Drug-Eluting Stents Break More Often Than Thought

by Brendon Nafziger, DOTmed News Associate Editor | November 13, 2009
Important findings in the
the Journal of the American
College of Cardiology
Drug-eluting stents might break more often than anybody realized, according to a new study in the Nov. 17 issue of the Journal of the American College of Cardiology.

Although the clinically reported rate of fracture of drug-eluting stents is about 1 or 2 percent, researchers at the CV Path Institute in Gaithersburg, MD say the true rate could be much higher.

Doctors at the cardiovascular research non-profit examined X-rays of 177 stents in arteries removed from bodies during autopsy. They found that about 51, or 29 percent, of the stents were broken.
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Of the cracked stents, about 5 percent were associated with clinically significant problems such as blood clotting or re-narrowing of the arteries.

Fracturing was more likely to occur if the stent was long, if stents overlapped (sometimes doctors place one over another to cover a long lesion) or if there was a gap between stents of around 5mm or greater.

Renu Virmani, M.D., lead author of the study and the founder of CV Path, blames much of the breakage on "bad design of the stent."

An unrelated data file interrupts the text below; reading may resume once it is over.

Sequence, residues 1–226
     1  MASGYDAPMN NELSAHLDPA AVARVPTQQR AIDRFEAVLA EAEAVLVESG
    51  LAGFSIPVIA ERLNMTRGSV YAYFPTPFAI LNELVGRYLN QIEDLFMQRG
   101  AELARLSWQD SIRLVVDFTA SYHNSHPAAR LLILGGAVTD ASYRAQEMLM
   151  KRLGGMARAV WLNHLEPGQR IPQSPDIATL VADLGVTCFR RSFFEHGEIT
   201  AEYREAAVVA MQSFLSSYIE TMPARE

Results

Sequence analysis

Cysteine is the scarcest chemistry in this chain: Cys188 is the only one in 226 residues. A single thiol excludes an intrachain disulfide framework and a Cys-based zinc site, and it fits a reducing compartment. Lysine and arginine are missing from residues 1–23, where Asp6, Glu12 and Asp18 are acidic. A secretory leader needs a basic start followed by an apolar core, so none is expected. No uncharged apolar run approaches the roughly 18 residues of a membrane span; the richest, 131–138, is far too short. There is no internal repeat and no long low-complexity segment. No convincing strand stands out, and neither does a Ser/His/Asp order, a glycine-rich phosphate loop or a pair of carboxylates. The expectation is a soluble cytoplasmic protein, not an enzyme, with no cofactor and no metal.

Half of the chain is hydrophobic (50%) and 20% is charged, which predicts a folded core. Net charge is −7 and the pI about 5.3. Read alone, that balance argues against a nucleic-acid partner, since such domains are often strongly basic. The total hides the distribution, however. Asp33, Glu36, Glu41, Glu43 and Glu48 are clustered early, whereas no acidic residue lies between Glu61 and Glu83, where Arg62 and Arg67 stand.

"If you put long stents in tortuous arteries, you can understand the heart beats and there's stress on those points," she tells DOTmed News. In the study, Cypher stents were the most vulnerable to breaking, with fractures commonly happening on the ring-shaped linkers, the weakest parts of the device, according to Dr. Virmani.

Newer Stents Not Studied

Newer generation stents, such as Boston's PROMUS and Medtronic's ENDEAVOR, weren't included in the study, as Dr. Virmani hasn't seen enough of them in the samples she was sent. Still, she expects them to be tougher, as in animal studies they don't seem to break. Plus, the material used to build most of the new stents has changed from stainless steel to cobalt chromium, which Dr. Virmani says is much stronger.

However, Dr. Virmani acknowledges that her sample isn't completely unbiased. "These are autopsy cases," she says, where oftentimes the physician sending the samples to Dr. Virmani wants to know the cause of mysterious sudden death. "The incidence [of fracture] is not going to be the same." Still, she says, "I do think [stents] fracture more often than is picked up."

Dr. Virmani supports increased use of ultrasound to tell how well stents are deployed, as she says that's really the only way -- pre-autopsy -- to find out how the stent is doing. "That's the only way clinically to find fractures," she says. "It's much harder in X-ray. We could X-ray because we had the arteries in our hands."